I wonder if this can be done at home......eventually....
A LIVERPOOL professor is sending a buzz around the world after he turned
chip fat oil into biofuel - using a microwave.
John Moores University professor Ahmed Al-Shamma is leading the world in
pioneering new microwave technology which could help cut the world's CO²
The scientist has been collecting old oil from chip shops, kebab houses and
restaurants and using it to power his car.
He is now confident that, by 2015, the people of Merseyside could be driving
in cars powered by biofuel.
The British Government and European community are so impressed with the work
coming out of the small lab in Liverpool that they have given millions of
pounds in funding.
Prof Al-Shamma, head of RF and Microwave technology in the engineering
research institute, said: "Everyone has heard of biofuel - it's not new, but
using microwave technology is new. It brings all the benefits of sustainable
fuel but without the negatives, the waste byproducts.
And using microwave technology means one source can be used for multiple
"I have no doubt that, if the Government adapts a zero carbon approach, the
people of Merseyside will be driving around in cars fuelled by biofuel."
Prof Al-Shamma's team, which has drawn experts from across the globe, have
found using microwaves so efficient, they are already testing the mileage
they can get out of the car.
So far, test runs on an X reg (10 years old) VW car have shown dramatic
results which could lower the cost of fuel per litre to a mere 20p.
Explaining the background to the project, Prof Al-Shamma said: "Traditional
biofuel mixes crops, methanol and a catalyst for between four to eight
hours - you end up with biofuel and a waste product, glycerin.
"But there are huge negatives; the hunt for crops has meant many Third World
countries have been paid more to grow biofuel crops than regular eating
"This has led to huge food shortages.
"Also, the solvent used is very expensive and the process takes a long time.
"You end up with the biofuel but also have tonnes of glycerin. There's only
so much soap that the world needs from glycerin, so the rest ends up in
waste sites." He added: "This process is different; the raw material is
everywhere, think of all the fast food outlets and restaurants.
"At the moment, people have to pay to get rid of this and it ends up in
waste sites or contaminating sewerage; this way, there could never be enough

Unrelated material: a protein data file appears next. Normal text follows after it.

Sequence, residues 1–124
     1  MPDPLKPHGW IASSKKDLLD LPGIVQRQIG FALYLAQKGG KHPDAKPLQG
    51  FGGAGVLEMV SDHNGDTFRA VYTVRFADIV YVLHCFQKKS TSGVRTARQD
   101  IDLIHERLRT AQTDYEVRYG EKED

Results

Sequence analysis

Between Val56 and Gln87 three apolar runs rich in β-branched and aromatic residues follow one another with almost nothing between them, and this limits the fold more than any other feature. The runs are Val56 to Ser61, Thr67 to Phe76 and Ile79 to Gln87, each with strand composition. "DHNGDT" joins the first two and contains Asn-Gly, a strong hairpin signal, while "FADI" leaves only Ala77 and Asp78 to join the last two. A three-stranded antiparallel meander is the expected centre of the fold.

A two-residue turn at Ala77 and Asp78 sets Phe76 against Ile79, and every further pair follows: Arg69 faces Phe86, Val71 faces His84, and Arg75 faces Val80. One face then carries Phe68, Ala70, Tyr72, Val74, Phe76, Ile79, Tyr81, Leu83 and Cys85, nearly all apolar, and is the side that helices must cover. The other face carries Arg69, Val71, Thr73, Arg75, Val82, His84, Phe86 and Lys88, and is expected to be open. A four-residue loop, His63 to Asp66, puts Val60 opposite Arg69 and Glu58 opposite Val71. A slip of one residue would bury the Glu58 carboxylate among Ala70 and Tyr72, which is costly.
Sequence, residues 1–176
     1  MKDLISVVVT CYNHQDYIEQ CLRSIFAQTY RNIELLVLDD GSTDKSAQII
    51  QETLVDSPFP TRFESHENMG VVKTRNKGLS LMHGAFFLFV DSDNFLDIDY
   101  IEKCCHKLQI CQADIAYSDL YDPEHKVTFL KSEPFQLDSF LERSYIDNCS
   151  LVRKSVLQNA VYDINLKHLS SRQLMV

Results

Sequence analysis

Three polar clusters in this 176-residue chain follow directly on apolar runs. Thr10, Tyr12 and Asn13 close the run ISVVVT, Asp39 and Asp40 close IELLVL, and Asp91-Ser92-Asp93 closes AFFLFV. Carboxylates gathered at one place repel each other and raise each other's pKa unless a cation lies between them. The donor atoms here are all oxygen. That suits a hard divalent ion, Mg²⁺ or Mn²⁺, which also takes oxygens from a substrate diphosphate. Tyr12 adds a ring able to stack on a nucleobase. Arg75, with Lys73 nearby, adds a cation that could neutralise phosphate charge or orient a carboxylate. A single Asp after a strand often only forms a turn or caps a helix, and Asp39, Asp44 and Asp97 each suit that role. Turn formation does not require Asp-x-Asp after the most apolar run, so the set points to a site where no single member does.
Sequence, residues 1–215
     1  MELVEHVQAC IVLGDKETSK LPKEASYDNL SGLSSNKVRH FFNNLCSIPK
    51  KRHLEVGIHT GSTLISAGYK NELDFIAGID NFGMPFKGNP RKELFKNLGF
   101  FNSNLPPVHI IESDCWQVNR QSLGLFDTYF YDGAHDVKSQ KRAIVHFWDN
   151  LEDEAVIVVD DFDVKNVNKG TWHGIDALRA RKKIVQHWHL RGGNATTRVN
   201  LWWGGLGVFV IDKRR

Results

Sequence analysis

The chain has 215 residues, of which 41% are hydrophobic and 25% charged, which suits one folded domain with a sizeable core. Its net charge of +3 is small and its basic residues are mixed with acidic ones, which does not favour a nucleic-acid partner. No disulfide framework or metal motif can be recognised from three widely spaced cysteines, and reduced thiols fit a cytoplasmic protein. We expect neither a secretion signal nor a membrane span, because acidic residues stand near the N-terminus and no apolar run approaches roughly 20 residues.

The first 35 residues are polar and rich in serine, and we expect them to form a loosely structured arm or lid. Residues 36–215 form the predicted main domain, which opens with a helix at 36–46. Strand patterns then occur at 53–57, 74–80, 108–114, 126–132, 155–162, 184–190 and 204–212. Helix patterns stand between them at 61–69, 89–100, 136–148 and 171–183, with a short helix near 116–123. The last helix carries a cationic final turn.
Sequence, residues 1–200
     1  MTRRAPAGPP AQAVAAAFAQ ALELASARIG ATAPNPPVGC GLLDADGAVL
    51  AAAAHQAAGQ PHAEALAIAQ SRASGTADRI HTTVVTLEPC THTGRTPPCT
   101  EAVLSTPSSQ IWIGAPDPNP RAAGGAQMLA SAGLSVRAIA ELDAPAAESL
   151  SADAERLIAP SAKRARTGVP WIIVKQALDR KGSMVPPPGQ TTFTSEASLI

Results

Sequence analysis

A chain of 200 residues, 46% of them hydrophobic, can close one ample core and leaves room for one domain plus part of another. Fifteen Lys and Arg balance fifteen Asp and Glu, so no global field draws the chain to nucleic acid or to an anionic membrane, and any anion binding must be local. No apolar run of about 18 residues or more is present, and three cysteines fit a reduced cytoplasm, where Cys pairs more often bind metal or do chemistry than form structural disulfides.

"The solvent used is on a three to one ratio, reducing it by 10 fold, it
requires 30 times less catalyst and the process takes a maximum of 15
"One litre of oil makes one litre of biofuel - like for like - with less
glycerin, which we then use to make an additive to skim off the biofuel and
start the recycling process."
Nowhere else in the world is using this technology and his work has led to
Prof Al-Shamma addressing European leaders in the EU Parliament. He added:
"I think this will be the future because the big oil industry players are
investing in biofuel."
And Prof Al-Shamma's microwave technology doesn't only stop at vegetable
oil. The university has been given £580,000 to turn grass into LPG (Liquid
The university is hoping to take polluted, infertile grass and weeds from
brownfield sites and break down the sugar to create bio-ethanol.
Not too much info in that article. My impression is that he is still
doing the 'standard' transesterification process with sodium hydroxide
and water, but instead of 4 hours at 140 deg C, he must reduce the
water, thus increasing the NaOH concentration, and speeds up the
reaction time by heating it all in a microwave. Seems like the same
reaction, so there must still be glycerin produced as a byproduct. The
resulting #2 fuel oil must still be thinned with a little methanol to
get the correct diesel viscosity. I assume the energy used in the
microwave heating process is less than in the 'heat it all in a water
heater' process. I dont think process energy is a cost driver in
biodiesel production, but using heat pumps for water heaters takes 25%
of the electricity of using resistance water heater elements (See
AirTap by Airgenerate).
A lot of hype and very little detail, I won't hold my breath.
I like bio-fuels, with, little practice they're easy to make, with a
little land the feed-crop is easy to grow, and if you make the effort,
your fuel problems are solved no matter what happens to price of gas.